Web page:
At-Risk Kids Get the Key to Early Learning Success PREP Program Turns Poor Language and Social Skills Around

By Rosemary Zibart, Monitor | The Christian Science Monitor, June 3, 1997 | Go to article overview

At-Risk Kids Get the Key to Early Learning Success PREP Program Turns Poor Language and Social Skills Around


Rosemary Zibart, Monitor, The Christian Science Monitor


During its first summer three years ago, a free tutoring program for minority children from Nashville's poorest housing projects made a key mistake. It picked a location across the hall from regular public school summer classes.

Public school students were constantly creeping over and trying to join the classes, says Sandra Smithson, a Roman Catholic nun who created the program and is guiding its rapid growth.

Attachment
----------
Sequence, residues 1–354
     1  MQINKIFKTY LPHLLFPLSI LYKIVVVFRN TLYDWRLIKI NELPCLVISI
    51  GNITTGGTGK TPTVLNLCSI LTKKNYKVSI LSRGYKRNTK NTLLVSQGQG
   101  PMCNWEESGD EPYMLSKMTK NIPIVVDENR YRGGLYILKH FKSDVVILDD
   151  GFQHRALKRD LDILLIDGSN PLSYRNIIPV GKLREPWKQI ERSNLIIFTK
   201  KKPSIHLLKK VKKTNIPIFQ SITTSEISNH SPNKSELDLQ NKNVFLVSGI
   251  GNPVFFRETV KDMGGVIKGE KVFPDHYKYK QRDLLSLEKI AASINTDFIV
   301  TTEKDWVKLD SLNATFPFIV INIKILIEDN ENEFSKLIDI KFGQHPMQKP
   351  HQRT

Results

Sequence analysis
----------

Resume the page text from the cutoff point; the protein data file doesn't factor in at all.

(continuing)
"From then on we had to have a separate location just so we wouldn't have to lock out the other kids," Ms. Smithson says. Smithson's nonprofit endeavor, called Project Reflect Educational Programs (PREP), started when she realized children in the projects were not getting the early educational training they needed. "These kids have such poor language and social skills, they fail as soon as they enter first grade," she explains. "By third grade they're off the academic track altogether." To address that need, she created an after-school and six-week summer tutoring program for children ages 5 to 7. Funded by private donations and city funds, the free program aims to spur higher achievement through intensive coaching in academic and social areas. Although PREP focuses heavily on language and reading, students also take karate, basketball, music, and art. "The first summer, those kids had to be hauled kicking and screaming through the doors, but two months later the same kids cried when the program was over," Smithson says. Most important, the change in attitude and improved school performance endured through the school year. The original plan was to bring children back for a second or third summer, but this additional instruction has seldom proved necessary. Out of the 107 youngsters who attended PREP last summer, only 15 will need to be enrolled in this summer's session. So far, about 350 students have participated in the program since 1994. "I failed third grade," says 1996 PREP student Lawrence Pirtle. "I was told I would have to repeat, but I learned more in six weeks than I did all year long." He added proudly that he entered fourth grade according to schedule. PREP's success, Smithson believes, is its small teacher to student ratio (1 to 10) plus very well-trained teachers. "We offer the best elements of private education," she says, "which is too expensive for the families who need it most." Parent Marilyn Smith says the program is "fabulous." "The phonics was reinforced to the degree where my child can read anything," she says. …

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